My 5 favourite books from the first half of 2018
‘Someone reading a book is a sign of order in the world.’ Mary Ruefle
Over the past six months as I have been travelling round India, I have been reading and reading and reading. Not that this is any different from normal, but what has been different is being exposed to numerous book swaps across India in which I’ve picked up books that I perhaps would not ordinarily choose. Find below a crop of some of my favourite reads from the past half year – in no particular order!
by Herbjørg Wassmo (1989)
This novel set amidst the icy winter fjords and midnight summer sun of 19th Century Northern Norway is a feast of the senses. We follow the life of enigmatic, angry, headstrong Dina, (one of the most unique protagonists I have discovered this year) as she tries to come to terms with her past and make peace with an acceptable future. The ending of the novel was a shock and one that I was not expecting at all; in hindsight, however, it’s cruel beauty couldn’t have been more perfect.
by Fiona Valpy (2018)
This tender novel is set on the windswept Île de Ré on the West coast of France before, during and after World War Two. As the plot progresses, the protagonist, Ella, is forced to make the most unbearable choice, one that is framed so poignantly that I found myself, as the reader, going through the same anguish as Ella as we follow her, heart and soul, in making her choice.
by Khushwant Singh (1956)
It is 1947 in a small Indian village in northern India inhabited by Sikhs, Muslims and Hindus. But as Partition is declared and the India – Pakistan borderline is drawn close to the village, will the bonds of this community survive? And what do the trains contain that are travelling across the border?
Expertly told by the late Khushwant Singh, one of India’s foremost writers, this book puts a human face onto the tragedy that cleaved a nation in two.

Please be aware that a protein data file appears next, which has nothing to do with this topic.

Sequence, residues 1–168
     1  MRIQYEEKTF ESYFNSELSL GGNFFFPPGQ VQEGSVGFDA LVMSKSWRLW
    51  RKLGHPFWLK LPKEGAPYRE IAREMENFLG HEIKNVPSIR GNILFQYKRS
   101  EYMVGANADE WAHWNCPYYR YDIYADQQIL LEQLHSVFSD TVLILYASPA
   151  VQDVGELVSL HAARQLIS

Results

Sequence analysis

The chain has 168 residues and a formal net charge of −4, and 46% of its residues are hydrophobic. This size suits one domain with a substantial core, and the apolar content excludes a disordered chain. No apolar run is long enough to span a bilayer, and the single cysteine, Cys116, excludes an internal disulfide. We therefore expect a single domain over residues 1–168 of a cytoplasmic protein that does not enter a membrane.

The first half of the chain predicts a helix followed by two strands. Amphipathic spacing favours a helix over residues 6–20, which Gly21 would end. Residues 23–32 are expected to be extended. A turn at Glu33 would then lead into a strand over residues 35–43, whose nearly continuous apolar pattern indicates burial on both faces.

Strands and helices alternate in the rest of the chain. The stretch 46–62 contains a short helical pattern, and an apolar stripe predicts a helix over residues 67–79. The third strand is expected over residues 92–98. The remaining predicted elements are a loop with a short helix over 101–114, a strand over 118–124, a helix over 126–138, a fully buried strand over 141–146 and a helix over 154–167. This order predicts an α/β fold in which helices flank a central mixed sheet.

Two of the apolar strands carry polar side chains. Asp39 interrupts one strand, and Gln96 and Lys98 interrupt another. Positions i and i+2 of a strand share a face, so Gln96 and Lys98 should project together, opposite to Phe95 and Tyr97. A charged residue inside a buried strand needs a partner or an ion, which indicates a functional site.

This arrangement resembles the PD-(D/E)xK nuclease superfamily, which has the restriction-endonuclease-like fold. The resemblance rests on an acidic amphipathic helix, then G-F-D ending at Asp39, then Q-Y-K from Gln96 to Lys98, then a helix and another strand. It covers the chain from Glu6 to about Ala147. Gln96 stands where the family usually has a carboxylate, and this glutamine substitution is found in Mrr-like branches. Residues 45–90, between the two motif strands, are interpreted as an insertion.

Running on the Roof of the World
by Jess Butterworth (2017)
I knew that while I was travelling in India with my family, we’d be visiting Daramshala, the seat of the Tibetan government in exile. So I wanted to find a book I could read to them that would help explain the Chinese occupation in Tibet which began in 1950, and why the Dalai Lama and hundreds of thousands of Tibetans live in India and other worldwide refugee communities rather than Tibet. Running on the Roof fit the bill perfectly. Following the journey of Tashi and Sam through the mountains from Tibet into India to seek an audience with the Dalai Lama after Tashi’s parents disappear, this book wasn’t always easy reading, but for young people or adults seeking a deeper understanding of the Tibetan refugee situation, as well as life for Tibetans in their Chinese-occupied lands, I’d highly recommend Jess Butterworth’s book.
by Aravind Adiga (2008)
Delicious black humour abounds in Adiga’s Booker-winning novel set in India. Exposing the wide, gaping hole between rich and poor in the world’s most populous nation, this laugh-out-loud, irreverent book both cut deeply and made me laugh out loud. This should be required reading, in my opinion, for anyone planning to visit India or for seeking a greater understanding in class and caste divides in this country.
‘A book is proof that humans are capable of working magic.’ Carl Sagan
Thank you for reading! I could never imagine picking up only the latest books to come out…I love dipping into a wide range of literature and re-discovering gems from the past as well as finding exciting new voices. For more fantastic reads, why not take a look at The 5 novels that have most influenced me in my life; my favourite five books from the second half of 2017 & my top 5 reads of 2016.
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